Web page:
The God I Don’t Understand 7: Canaan

Chris Wright honestly admits that he has no ready-made solution for how to understand the ‘emotional and moral pain and revulsion’ raised by conquest of Canaan. He does however offer three frameworks that he has found helpful. I’m just going to talk about the first in this post.

  1. THE FRAMEWORK OF THE OLD TESTAMENT STORY

First the conquest needs to be understood within the context of warfare in the Ancient Near East (ANE)

Culturally, Israel’s practice of herem (ban) was not unique. This meant the total dedication of all that was attacked to Yahweh, who in effect was Israel’s military leader. No plunder was to be taken. Sometimes this meant women and children were spared or cattle captured, but with Canaan total destruction was the norm. The accounts of the ANE also have a certain element of victory rhetoric.

Wright also raises the important and controversial possibility of God accommodating his will to the fallen realities of a particular time and culture. Where practices not within the perfect will of a good God are accommodated nevertheless within certain circumstances and are ultimately superseded – like slavery or patriarchy. In this case, given the ultimate goal of bringing universal blessing through Israel, “the gift of land necessitated this horrific historical action within the fallen world of the nations at that time.”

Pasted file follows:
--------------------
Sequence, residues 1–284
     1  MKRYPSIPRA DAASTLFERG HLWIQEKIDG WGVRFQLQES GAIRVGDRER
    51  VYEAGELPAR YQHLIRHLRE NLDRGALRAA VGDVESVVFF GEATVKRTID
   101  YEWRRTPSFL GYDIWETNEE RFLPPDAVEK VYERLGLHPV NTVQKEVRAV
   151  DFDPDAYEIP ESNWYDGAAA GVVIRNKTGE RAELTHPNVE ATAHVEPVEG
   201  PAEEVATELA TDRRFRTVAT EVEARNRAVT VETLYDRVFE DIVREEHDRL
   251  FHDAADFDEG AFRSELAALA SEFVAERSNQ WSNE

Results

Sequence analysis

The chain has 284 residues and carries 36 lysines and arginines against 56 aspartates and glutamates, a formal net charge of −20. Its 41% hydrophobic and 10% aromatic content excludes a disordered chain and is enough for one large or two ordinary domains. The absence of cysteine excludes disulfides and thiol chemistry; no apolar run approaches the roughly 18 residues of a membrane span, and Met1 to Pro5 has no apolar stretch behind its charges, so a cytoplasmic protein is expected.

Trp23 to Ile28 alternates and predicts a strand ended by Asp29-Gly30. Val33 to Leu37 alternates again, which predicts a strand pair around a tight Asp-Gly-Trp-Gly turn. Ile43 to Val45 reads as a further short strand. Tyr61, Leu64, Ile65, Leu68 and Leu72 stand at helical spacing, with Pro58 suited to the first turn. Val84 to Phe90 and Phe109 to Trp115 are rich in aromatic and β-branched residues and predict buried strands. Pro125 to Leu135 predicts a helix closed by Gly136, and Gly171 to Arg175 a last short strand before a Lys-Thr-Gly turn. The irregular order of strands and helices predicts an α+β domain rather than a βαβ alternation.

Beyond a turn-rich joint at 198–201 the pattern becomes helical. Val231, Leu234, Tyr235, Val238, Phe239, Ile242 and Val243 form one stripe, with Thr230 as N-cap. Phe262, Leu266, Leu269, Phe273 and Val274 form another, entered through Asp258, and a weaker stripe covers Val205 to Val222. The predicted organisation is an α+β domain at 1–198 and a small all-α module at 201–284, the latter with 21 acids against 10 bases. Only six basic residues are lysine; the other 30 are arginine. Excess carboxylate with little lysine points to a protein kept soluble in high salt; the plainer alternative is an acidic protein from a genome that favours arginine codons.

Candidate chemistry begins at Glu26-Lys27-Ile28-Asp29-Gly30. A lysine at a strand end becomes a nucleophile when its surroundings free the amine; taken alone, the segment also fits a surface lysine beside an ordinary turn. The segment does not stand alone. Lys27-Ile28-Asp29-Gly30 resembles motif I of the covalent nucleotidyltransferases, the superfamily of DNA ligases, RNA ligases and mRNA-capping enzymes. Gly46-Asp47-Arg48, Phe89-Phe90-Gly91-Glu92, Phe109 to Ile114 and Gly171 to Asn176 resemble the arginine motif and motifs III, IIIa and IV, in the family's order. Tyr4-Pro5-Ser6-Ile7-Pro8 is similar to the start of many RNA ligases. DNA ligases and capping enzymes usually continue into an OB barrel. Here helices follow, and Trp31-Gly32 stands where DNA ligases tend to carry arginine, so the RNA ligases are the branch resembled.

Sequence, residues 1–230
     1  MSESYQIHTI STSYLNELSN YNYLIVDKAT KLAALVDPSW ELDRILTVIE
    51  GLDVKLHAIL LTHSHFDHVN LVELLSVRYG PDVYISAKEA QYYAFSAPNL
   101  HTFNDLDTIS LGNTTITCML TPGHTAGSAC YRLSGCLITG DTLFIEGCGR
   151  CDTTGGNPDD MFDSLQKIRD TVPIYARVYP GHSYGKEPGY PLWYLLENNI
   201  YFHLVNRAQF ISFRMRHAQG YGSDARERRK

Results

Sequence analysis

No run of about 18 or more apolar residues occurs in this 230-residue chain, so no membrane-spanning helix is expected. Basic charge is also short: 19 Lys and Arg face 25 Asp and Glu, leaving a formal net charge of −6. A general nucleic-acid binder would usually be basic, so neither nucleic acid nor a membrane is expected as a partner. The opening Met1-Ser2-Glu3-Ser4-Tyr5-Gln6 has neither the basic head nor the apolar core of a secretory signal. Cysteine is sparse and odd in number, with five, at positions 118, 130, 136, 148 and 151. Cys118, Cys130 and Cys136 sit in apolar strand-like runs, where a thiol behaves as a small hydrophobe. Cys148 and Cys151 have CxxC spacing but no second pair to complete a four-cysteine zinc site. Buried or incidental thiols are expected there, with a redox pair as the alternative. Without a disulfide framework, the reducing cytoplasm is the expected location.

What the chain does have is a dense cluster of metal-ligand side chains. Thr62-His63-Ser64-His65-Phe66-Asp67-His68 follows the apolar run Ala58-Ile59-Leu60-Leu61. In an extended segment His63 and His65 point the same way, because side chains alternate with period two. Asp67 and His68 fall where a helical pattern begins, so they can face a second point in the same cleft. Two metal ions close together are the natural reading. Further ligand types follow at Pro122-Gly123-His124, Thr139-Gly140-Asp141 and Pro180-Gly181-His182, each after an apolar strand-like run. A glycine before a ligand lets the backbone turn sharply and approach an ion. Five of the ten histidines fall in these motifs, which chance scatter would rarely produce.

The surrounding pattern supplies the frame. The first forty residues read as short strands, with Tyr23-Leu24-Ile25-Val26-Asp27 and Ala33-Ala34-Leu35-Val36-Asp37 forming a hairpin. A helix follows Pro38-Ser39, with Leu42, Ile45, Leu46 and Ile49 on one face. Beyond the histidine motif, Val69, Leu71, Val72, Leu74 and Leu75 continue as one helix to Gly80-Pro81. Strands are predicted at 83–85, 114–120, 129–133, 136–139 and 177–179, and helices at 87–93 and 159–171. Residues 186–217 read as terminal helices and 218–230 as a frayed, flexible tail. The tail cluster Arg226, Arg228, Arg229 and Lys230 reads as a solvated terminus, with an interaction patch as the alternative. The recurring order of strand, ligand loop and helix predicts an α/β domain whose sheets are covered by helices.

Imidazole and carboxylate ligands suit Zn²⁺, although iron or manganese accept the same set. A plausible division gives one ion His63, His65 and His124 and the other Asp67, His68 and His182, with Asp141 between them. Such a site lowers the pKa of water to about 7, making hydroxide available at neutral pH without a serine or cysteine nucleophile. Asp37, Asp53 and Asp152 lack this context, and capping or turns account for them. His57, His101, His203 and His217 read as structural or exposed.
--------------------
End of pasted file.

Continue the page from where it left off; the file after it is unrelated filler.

How persuasive do you find this? It goes right to the heart of how we understand inspiration of Scripture as mediated through the historical context of the author’s time. This is a hot topic within evangelicalism. It’s noticeable that Chris Wright does not endorse or reject it.

Certainly there can be a strong argument made for how the overall thrust of the OT narrative is towards overcoming violence, climaxing in the coming of the Messiah riding a colt not a warhorse into Jerusalem, preaching a message of the kingdom that included loving enemies.

The second point Wright makes here is how the conquest needs to be seen within the wider OT narrative. It only forms a part of that story, what he calls a unique and limited event, rather than being seen as some sort of normative pattern for future behaviour.

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